"Gallo Be Thy Name"—Ernest & Julio as thugs, winemaking entrepreneurs, and great Americans

When last checked in with author Jerome Tuccille (in July 2008), it was to discuss a new edition of his classic libertarian-movement memoir, It Usually Begins with Ayn Rand.

Now Tuccille is back with a new book that explores the lives and times of Ernest & Julio Gallo, the California brothers who went from relative obscurity to being the biggest winemakers in the world.

Gallo Be Thy Name: The Inside Story of How One Family Rose to Dominate the U.S. Wine Market is a mesmerizing story of true crime, murder, Prohibition, family drama, and capitalism. It is also an engrossing social history of the last 100 years of America and explains how we went from a nation that gulped Thunderbird, Ripple, Boone's Farm and other Gallo-created plonk to a country of refined Chardonnay and Zinfandel sippers.

Approximately 10 minutes. Interview by Nick Gillespie; shot by Meredith Bragg and Dan Hayes and edited by Meredith Bragg.

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  • Mike Laursen||

    Boone's Farm is still with us. It's just called Two-Buck Chuck now.

  • ||

    The best Gallo story is the one that goes like this (from bumwines):

    The history of Thunderbird is as interesting as the drunken effects the one experiences from the wine. When Prohibition ended, Ernest Gallo and his brothers Julio and Joe wanted to corner the young wine market. Earnest wanted the company to become "the Campbell Soup company of the wine industry" so he started selling Thunderbird in the ghettos around the country. Their radio adds featured a song that sang, "What's the word? / Thunderbird / How's it sold? / Good and cold / What's the jive? / Bird's alive / What's the price? / Thirty twice." It is said that Ernest once drove through a tough, inner city neighborhood and pulled over when he saw a bum. When Gallo rolled down his window and called out, "What's the word?" the immediate answer from the bum was, "Thunderbird."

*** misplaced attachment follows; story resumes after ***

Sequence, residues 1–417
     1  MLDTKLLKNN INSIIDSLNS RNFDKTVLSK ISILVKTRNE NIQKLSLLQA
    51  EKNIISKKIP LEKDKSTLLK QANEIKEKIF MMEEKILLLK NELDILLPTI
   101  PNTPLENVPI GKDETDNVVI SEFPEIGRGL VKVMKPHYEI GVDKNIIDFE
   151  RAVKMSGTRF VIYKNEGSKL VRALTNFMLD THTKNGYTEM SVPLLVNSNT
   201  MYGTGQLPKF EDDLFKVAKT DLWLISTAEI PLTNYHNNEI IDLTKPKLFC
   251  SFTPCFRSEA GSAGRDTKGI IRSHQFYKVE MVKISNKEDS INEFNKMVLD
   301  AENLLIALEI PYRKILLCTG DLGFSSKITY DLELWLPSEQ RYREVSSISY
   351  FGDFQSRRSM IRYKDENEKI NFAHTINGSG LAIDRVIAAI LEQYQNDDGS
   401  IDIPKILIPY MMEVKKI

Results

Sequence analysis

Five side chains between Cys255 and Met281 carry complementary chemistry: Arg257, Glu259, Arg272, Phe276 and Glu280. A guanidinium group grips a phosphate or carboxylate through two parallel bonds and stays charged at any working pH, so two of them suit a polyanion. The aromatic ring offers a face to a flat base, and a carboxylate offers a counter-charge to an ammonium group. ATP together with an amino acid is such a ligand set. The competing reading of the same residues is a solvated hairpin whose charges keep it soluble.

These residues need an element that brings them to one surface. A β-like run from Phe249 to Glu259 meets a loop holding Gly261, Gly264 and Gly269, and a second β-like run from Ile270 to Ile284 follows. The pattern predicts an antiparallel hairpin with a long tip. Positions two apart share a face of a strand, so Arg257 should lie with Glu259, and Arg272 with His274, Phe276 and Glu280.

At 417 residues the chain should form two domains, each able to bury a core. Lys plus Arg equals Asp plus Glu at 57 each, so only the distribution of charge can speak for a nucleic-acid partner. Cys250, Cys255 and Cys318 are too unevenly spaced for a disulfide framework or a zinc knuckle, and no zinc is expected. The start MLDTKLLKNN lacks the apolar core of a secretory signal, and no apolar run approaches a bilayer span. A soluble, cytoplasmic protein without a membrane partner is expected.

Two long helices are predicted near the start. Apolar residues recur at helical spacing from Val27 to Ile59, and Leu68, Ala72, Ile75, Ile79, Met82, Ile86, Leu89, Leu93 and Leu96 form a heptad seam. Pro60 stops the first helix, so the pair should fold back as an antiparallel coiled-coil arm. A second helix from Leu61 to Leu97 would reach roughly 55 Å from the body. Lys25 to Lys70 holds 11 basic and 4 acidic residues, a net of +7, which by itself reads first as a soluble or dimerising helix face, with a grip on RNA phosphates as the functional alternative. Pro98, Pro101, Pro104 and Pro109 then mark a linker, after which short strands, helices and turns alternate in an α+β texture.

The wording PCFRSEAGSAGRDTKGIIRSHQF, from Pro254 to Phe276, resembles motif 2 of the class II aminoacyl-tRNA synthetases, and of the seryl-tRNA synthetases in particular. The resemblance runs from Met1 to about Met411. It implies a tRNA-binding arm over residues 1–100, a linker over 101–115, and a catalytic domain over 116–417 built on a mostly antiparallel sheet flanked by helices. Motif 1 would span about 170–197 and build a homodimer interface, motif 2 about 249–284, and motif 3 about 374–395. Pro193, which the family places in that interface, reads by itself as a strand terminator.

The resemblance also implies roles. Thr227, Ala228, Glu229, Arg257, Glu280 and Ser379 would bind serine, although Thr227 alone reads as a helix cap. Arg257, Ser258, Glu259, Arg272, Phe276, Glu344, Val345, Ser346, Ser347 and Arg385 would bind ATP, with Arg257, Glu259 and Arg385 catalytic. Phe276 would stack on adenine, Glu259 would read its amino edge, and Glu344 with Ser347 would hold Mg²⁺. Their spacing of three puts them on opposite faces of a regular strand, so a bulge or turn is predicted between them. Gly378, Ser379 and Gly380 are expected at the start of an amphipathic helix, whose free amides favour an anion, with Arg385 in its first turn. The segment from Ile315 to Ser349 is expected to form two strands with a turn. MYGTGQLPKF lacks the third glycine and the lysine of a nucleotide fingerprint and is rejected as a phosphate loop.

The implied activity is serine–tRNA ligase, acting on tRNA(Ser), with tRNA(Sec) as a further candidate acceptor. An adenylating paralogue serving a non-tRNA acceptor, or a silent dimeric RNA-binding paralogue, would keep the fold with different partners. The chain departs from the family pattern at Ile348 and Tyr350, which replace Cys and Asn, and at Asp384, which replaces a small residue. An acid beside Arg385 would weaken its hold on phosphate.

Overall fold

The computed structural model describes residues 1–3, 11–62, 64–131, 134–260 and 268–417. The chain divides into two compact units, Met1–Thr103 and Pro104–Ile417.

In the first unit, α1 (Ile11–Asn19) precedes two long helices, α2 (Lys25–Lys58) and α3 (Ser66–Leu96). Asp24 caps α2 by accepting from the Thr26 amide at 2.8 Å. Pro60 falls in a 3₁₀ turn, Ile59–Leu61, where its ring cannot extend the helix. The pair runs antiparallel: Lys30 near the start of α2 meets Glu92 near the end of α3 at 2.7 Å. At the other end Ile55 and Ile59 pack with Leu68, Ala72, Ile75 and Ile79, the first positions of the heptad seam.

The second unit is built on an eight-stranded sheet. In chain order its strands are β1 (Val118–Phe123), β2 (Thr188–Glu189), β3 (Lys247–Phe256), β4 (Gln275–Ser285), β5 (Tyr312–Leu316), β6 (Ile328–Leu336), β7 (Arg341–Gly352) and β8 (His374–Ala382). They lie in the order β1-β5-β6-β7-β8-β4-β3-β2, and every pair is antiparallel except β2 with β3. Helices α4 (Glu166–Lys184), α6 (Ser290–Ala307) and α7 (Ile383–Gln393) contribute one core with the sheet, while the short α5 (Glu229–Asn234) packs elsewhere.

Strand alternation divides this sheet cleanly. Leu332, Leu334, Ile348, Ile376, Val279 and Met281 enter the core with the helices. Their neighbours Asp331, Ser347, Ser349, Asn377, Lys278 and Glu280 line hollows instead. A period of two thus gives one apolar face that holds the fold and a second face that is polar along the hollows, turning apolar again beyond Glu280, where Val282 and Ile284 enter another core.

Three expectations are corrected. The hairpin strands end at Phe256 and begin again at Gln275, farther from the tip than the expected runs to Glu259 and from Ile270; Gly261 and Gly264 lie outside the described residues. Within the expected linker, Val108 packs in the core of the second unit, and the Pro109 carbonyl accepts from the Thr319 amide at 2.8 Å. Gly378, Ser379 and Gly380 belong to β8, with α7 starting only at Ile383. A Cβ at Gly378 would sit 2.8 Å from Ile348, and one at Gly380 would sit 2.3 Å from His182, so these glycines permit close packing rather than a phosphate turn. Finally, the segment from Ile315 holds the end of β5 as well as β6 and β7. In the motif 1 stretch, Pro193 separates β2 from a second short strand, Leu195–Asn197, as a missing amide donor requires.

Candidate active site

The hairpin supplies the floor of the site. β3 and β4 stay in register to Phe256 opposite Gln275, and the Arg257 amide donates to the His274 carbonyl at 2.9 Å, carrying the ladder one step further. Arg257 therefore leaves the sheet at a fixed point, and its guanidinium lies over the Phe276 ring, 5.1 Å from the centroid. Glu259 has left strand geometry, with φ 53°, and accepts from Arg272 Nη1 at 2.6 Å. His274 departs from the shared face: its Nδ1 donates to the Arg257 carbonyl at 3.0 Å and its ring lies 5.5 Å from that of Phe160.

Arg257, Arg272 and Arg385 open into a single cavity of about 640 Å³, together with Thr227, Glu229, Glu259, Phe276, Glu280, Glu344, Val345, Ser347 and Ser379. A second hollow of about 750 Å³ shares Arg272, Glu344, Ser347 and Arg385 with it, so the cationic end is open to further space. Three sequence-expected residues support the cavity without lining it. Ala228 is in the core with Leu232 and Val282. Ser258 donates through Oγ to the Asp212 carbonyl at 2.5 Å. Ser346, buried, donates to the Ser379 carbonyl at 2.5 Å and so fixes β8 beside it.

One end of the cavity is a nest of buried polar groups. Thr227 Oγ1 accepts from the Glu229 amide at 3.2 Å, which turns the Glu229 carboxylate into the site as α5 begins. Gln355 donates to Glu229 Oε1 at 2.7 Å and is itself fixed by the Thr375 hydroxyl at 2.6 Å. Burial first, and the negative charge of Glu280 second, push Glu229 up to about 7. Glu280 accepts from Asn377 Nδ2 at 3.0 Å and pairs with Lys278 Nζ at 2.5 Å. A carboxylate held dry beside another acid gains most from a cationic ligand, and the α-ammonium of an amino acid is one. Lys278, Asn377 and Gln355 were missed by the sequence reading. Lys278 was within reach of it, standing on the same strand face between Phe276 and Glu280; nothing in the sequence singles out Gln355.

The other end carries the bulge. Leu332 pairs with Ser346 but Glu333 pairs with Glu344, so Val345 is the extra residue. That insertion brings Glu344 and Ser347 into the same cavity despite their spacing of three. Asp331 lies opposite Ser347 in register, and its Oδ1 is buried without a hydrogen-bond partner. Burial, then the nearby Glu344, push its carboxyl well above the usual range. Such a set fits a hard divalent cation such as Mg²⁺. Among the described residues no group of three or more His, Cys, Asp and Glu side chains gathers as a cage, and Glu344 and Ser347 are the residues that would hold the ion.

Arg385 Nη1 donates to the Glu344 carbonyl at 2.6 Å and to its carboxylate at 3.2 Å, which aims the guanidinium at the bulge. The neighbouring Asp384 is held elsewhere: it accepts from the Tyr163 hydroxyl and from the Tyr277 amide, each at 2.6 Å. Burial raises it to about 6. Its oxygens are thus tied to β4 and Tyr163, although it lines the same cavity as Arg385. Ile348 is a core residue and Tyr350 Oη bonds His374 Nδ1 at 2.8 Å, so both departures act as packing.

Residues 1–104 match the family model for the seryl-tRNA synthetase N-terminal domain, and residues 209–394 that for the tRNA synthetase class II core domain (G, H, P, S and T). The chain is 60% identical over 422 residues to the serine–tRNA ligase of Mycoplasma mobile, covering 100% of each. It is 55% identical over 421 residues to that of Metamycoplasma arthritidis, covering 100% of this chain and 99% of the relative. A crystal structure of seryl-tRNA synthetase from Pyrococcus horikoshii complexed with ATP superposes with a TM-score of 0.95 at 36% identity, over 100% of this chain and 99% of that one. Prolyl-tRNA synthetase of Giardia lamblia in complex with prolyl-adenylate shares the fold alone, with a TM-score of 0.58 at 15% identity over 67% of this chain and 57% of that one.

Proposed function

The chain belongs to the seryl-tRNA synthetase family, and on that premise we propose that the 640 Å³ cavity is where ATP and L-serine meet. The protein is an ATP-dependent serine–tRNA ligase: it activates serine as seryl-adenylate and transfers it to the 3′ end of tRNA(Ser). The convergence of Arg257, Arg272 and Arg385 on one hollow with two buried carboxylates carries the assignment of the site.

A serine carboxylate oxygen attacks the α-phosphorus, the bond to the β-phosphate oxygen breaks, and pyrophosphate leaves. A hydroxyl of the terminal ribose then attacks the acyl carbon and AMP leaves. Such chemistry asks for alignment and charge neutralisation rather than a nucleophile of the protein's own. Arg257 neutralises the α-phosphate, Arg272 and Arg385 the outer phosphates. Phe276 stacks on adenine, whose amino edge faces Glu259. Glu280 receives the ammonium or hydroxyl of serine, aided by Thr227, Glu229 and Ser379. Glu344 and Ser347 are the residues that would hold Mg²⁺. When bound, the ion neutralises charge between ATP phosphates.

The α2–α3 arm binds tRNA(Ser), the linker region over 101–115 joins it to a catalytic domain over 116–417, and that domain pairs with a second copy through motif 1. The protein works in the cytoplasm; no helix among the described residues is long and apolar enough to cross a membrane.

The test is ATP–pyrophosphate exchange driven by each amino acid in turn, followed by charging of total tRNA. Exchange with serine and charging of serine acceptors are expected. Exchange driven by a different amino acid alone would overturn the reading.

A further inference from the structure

• ||

    I remember the UFW strike against Gallo. I was growing up in agricultural California, and the strike struck close to home. Teetotalers would cross the picket lines to buy Gallo, and then dump it when they got home.

  • ||

    regarding It Usually Begins with Ayn Rand, an updated title for the younger generation of libertarians could easily be It Usually Begins with Robert Heinlein

    All my libertarian friends were huge heinlein fans in their youth.

  • SIV||

    So there really is a biography of Ernest and Julio Gallo.When I was in 9th grade English class I learned one day (that I actually showed up)a book report was due.Less than 5 minutes before the bell rang I quickly wrote a one page report on a non-existent juvenile biography of the Gallo brothers.I titled the "book" Ernest and Julio Gallo:Grape Stomping Boys.

    My borderline-illiterate English teacher gave me an "A".I showed the graded report off to my fellow students and eventually to faculty and administrators.Fucking bitch's contract was not renewed the next year.

  • ||

    It annoys me that you can get Chardonnay but not Ripple. At least Ripple had fruit flavors, I don't know what the hell that Chardonnay stuff is.

  • ||

    As long as there are 17 year olds with 21 year old friends/siblings, there will be Boone's Farm.

  • ||

    As an under-aged teenager (legal drinking age in NY was 18)I found Richard's Wild Irish Rose to be superior to Ripple and Thunderbird. It had a superior bouquet and didn't make you gag after the first gulp. Also, because they sponsored George Hound Dog Lorenz on the radio,

  • Missy||

    They support Nancy Pelosi with big donations. Look it up at

    That's doesn't exactly fit "great Americans" in my book.


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